My latest Guardian column "Surveillance: You can know too much," explains how collecting too much information on innocent people makes it harder to catch guilty ones:
At a certain point, data gathered to predict the weather overwhelms your capacity to add it to your calculations efficiently, resulting in ever-longer runtimes that give less accurate predictions. It's better to crunch the data needed to calculate tomorrow's weather in 10 minutes (and refine your guess twice an hour) than to shovel so much data into the hopper that you don't get tomorrow's forecast until next week.
The sweet spot lies somewhere between gathering too much information and gathering too little – and the secret to hitting that spot is intelligent, discriminating data-acquisition.
Take London: cover every square inch of the city with CCTVs and you'll get so much information that you'll never make any sense of it. Scotland Yard says that CCTVs help solve fewer than 3% of all crimes, while a study in San Francisco found that at best, criminals simply move out of camera range, while at worst they assume no one is watching.
Similarly, if you take fingerprints from every person who applies for a visa – or worse still, from every person in Britain who has to carry one of the proposed new biometric cards – you will fill the databases with chaff that slows down searches, generates endless false matches, and threatens everyone in the database with the worst kind of identity theft.
The CBC asked me to write an editorial for their package about Canadian identity and politics, timed with the 150th anniversary of the founding of the settler state on indigenous lands. They’ve assigned several writers to expand on themes in the Canadian national anthem, and my line was “We stand on guard for thee.”
Help wanted: Operations Manager (personable, resourceful, and demonstrates outstanding attention to detail); Civil Liberties Legislative Counsel (advocacy, public speaking, blogging and other social media, media appearances and legislative and regulatory matters related to a variety of high technology public interest legal issues); 2017-19 Frank Stanton Fellowship (recent law school graduates or law students who will […]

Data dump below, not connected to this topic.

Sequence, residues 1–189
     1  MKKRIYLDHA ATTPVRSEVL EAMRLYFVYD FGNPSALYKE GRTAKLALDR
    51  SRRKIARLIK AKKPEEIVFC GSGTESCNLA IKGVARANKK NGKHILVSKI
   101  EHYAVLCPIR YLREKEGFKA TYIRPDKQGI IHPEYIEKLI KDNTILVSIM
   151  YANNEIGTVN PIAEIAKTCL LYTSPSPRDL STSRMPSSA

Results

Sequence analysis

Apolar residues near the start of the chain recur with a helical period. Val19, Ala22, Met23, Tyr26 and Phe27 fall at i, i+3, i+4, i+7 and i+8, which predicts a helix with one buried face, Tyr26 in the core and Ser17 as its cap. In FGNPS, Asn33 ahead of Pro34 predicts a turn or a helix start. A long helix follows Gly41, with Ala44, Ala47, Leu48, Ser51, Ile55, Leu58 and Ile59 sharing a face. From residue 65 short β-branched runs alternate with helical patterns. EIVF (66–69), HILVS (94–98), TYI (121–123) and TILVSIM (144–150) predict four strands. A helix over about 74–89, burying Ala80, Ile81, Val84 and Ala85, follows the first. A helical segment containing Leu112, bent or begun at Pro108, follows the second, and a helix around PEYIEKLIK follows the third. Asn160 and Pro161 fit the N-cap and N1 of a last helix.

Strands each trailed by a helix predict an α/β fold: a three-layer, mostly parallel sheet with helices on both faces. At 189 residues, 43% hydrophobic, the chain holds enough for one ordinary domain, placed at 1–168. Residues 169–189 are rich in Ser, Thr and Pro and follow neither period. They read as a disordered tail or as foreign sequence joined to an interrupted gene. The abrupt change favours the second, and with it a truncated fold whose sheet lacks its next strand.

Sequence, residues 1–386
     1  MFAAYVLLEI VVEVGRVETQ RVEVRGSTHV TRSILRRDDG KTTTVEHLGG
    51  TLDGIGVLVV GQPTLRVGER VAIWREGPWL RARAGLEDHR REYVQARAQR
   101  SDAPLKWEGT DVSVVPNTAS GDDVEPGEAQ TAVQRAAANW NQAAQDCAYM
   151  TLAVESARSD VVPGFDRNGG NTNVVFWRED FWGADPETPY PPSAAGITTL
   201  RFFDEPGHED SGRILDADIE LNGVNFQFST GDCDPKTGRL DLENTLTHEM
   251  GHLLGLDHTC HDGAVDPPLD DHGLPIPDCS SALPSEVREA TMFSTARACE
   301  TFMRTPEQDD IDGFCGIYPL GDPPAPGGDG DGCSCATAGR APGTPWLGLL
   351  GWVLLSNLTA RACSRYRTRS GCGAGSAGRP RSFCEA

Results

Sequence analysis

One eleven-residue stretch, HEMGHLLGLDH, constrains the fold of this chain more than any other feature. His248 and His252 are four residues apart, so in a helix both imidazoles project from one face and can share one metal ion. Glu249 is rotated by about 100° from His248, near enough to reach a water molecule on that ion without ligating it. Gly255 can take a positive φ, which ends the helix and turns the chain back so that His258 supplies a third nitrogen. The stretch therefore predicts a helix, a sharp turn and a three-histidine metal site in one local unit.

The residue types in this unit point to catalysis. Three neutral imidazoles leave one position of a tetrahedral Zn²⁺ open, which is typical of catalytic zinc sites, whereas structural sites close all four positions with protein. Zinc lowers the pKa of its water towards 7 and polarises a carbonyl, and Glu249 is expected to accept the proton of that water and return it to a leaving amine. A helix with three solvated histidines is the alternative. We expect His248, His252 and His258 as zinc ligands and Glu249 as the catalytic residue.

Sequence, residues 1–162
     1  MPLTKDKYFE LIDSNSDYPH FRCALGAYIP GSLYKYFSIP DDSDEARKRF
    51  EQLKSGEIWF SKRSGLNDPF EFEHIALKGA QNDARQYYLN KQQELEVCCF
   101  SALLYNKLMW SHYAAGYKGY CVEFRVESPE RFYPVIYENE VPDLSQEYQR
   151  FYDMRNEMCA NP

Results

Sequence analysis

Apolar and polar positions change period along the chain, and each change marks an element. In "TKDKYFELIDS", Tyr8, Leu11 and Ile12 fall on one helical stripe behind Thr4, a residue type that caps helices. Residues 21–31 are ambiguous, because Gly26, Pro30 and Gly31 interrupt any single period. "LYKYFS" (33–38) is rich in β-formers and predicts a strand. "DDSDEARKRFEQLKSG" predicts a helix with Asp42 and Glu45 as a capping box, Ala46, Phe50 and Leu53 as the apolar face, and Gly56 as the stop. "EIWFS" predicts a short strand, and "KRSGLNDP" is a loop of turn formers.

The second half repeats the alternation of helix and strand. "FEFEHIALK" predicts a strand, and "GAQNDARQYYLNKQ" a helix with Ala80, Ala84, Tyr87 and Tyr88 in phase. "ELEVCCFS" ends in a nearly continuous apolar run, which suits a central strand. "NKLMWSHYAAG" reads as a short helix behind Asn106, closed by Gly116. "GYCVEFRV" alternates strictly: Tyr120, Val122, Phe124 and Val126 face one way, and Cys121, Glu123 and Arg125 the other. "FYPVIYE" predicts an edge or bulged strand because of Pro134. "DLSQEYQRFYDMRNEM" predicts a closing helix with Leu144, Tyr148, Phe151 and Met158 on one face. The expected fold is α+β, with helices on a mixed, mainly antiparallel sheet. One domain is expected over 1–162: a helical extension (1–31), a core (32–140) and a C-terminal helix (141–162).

China’s nightmarish “citizen scores” system uses your online activity, purchases, messages, and social graph to rate your creditworthiness and entitlement to services. One way your score can be plunged into negative territory is for a judge to declare you to be a bad person (mostly this happens to people said to have refused to pay […]
Just because English has become the common global tongue doesn’t mean it’s the easiest language to write—even for native speakers. If you’re looking to improve your written communication skills, especially on your smartphone, take a look at Ginger Page.Ginger is a cross-platform app that offers corrections for phrasing as well as grammar. It’s powered by […]
The current web development landscape is rife with buzzwords and technology that gets abandoned almost as soon as it’s made. If you’ve never written a line of code before, it can be hard to figure out what’s coming, what’s here to stay, or how to get ahead.This Beginner Web Development Bundle is a great place […]
The Fader Stealth Quadcopter from TRNDlabs packs incredible flight performance into a package small enough to land on your phone screen, and it’s available now in the Boing Boing Store.The Fader’s six-axis gyroscope module gives it perfect balance in the air. This makes the onboard 720p HD camera all the better for shooting amazing flight […]